Organic Gardening: The Problem of Contaminated Manure



by Catherine Haug, April 23, 2014 (Image, right, used with permission from the Organic Consumers Association)

We all want to eat plant food that is healthful, not only for us but also for the soil in which it is grown, for the water that quenches its thirst, and for the air which provides the carbon dioxide for photosynthesis.Yet most of the food in grocery stores and supermarkets does not meet that criteria. Instead, it contains GMO ingredients and as a consequence is contaminated with plant-killing chemicals like glyphosate (Roundup) and animal-killing chemical pesticides.

So we turn to foods that are raised organically – both plant and animal foods. Some of us raise our own. However, in our quest for organic, healthful food, we may be shooting ourselves in the foot. For example:

Contaminated Manure

We fertilize our soils and compost with manure. This is great if you know what the contributing livestock ate.

  • Chicken manure is held as a high standard for organic gardens, but much of the commercial chicken manure comes from CAFOs where the chickens are fed GMO seeds (corn, soy and the like). These seeds came from GMO plants that were heavily sprayed with chemicals like Roundup, so that even the seeds are contaminated with the chemicals, and the chickens pass that out in their manure. is this what you want in your soil? According to Dr. Arden Andersen, much of the chicken manure used today has been tested and found to be contaminated with glyphosate and genetically engineered proteins. (1)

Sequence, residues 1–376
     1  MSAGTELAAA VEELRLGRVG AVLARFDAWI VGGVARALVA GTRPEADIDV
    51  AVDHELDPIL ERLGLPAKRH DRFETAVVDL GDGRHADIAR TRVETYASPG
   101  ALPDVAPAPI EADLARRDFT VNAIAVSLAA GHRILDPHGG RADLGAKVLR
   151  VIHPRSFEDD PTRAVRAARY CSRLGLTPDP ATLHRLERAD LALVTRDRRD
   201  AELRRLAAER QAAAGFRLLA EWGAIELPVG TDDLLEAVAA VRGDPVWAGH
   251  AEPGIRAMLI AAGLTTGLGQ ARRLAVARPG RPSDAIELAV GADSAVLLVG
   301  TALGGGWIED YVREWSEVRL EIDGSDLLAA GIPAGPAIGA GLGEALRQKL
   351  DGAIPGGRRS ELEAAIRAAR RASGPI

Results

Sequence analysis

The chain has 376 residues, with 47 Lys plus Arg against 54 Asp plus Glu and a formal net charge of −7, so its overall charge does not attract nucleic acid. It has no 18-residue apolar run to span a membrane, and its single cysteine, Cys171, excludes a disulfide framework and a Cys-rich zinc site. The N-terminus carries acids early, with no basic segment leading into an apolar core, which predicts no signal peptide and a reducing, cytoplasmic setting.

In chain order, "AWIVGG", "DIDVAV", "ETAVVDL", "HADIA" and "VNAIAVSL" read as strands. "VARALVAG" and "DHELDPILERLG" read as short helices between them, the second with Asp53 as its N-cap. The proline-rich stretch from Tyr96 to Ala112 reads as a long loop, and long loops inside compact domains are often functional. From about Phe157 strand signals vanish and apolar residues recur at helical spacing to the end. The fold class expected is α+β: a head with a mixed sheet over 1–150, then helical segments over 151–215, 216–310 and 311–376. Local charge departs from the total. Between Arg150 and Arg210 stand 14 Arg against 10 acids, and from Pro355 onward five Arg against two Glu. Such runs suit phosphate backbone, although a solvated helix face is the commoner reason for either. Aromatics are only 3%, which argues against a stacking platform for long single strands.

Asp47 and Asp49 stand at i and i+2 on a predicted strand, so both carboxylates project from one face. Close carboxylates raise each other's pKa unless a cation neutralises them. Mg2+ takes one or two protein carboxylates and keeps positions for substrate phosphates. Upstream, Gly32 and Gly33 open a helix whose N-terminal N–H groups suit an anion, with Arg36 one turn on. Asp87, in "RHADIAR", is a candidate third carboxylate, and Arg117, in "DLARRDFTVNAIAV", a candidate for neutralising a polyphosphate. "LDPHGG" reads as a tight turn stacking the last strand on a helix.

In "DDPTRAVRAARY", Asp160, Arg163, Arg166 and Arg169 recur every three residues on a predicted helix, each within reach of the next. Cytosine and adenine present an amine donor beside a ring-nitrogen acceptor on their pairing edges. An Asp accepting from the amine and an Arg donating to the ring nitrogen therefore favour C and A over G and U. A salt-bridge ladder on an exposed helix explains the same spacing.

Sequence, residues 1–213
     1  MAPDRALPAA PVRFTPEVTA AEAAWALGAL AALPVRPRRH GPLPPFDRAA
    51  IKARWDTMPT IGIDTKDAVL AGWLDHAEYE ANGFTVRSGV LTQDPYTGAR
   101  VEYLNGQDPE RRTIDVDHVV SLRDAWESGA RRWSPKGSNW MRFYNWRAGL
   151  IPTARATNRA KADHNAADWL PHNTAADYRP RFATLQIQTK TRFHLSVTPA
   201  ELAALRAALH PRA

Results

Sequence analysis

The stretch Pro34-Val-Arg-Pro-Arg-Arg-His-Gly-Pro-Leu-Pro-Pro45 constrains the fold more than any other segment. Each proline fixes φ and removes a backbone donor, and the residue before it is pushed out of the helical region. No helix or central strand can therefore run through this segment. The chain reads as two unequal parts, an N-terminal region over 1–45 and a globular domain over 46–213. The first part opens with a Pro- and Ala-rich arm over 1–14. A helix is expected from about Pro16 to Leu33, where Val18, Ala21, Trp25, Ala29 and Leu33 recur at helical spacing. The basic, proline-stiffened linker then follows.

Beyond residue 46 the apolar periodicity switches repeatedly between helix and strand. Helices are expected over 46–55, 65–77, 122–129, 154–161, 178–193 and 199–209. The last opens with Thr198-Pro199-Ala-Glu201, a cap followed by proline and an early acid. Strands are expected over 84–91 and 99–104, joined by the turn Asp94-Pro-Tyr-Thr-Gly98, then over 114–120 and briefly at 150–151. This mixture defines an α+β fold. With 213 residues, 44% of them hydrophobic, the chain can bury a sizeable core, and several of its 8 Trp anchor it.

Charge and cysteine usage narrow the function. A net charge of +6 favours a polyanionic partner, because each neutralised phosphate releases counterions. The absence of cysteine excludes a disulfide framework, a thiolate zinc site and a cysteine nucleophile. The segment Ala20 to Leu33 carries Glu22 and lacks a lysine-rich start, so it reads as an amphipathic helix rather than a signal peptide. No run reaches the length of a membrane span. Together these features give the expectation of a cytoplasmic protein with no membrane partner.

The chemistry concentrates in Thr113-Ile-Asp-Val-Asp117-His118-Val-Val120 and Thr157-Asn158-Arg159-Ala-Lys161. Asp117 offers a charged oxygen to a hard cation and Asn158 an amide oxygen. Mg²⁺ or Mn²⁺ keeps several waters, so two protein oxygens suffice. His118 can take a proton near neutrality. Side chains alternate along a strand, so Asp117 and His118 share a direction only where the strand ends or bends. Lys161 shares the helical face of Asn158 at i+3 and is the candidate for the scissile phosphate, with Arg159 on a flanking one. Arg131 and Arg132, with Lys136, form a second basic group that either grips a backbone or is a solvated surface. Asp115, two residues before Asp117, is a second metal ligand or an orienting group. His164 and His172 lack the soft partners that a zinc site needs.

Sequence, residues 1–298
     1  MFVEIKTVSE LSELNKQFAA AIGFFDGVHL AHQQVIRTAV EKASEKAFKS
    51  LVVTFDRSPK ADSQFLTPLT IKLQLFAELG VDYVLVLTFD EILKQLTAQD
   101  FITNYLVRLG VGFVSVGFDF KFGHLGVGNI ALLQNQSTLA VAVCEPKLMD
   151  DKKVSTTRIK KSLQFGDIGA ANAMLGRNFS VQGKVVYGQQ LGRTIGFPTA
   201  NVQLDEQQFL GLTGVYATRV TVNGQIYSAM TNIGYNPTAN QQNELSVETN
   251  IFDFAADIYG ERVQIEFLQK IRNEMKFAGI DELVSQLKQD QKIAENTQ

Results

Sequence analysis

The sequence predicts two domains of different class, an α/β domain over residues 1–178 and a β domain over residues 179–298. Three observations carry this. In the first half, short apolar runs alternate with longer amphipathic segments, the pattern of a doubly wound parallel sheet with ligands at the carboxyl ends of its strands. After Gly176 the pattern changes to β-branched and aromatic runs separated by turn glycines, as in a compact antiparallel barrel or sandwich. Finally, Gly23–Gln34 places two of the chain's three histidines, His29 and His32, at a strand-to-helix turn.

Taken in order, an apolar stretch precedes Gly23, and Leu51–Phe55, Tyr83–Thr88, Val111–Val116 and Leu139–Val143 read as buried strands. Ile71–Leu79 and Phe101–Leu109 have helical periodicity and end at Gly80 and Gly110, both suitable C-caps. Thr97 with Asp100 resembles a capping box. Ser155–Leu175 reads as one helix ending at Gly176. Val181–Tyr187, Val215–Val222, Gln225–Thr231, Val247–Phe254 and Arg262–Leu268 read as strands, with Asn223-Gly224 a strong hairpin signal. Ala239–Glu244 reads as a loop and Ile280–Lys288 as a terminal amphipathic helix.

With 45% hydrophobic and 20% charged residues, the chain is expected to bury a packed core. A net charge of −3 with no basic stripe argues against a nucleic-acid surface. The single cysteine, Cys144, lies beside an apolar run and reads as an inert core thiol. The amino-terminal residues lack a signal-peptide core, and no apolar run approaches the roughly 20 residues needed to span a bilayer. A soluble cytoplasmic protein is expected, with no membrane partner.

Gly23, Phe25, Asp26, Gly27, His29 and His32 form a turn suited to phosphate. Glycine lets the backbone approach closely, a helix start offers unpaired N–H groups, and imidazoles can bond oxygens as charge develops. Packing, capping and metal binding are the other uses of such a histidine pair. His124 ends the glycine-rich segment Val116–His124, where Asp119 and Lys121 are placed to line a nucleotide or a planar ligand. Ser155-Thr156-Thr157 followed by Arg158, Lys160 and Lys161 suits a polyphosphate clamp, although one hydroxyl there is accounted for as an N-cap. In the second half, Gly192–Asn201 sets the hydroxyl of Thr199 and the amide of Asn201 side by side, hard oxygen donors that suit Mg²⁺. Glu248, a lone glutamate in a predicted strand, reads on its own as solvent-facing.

• Steer manure is similarly contaminated if the animals were raised in CAFOs and/or fed GMO feed. This is especially problematic now that alfalfa is GMO. (1)

If you raise your own chickens or other livestock, and use their manure in your gardens, be sure you don’t feed your animals any feed that has been sprayed with Roundup or other chemicals.  If you need to get your manure from others, seek out  local farmers and ranchers whom you know and trust, who feed their livestock in pasture and avoid GMO feed.

Some of the harm of Glyphosate (Roundup)

Despite claims to the contrary, glyphosate is highly toxic to the soil, as well as to the plants on which it is sprayed. It is taken up by the plants’ flowers and leaves, then carried to the roots where microbes that exist in a symbiotic relationship with the plants, pick up the chemical.

Unfortunately, glyphosate is toxic to these microbes, as an antibiotic. Indeed, Monsanto has a patent on glyphosate as an antibiotic, which means they know it kills microbes, despite their claims to the contrary. Independent scientists have also confirmed that glyphosate kills bacteria – including the essential bacteria in good soil. (1)

It is worth noting that these essential soil bacteria are the very same ones that live in the human gut and serve as our first line of defense against pathogens – our so-called probiotics.

Glyphosate also is a heavy metal chelator.  (1) While this is a good thing for the toxic heavy metals like arsenic and mercury, it is not a good thing for heavy metals essential for life, such as copper, zinc, selenium and iron.


  1. Mercola: Dr. Andersen and High Performance Agriculture
  2. Dr. Andersen Powerpoint presentation: Modernized food and its collateral damage

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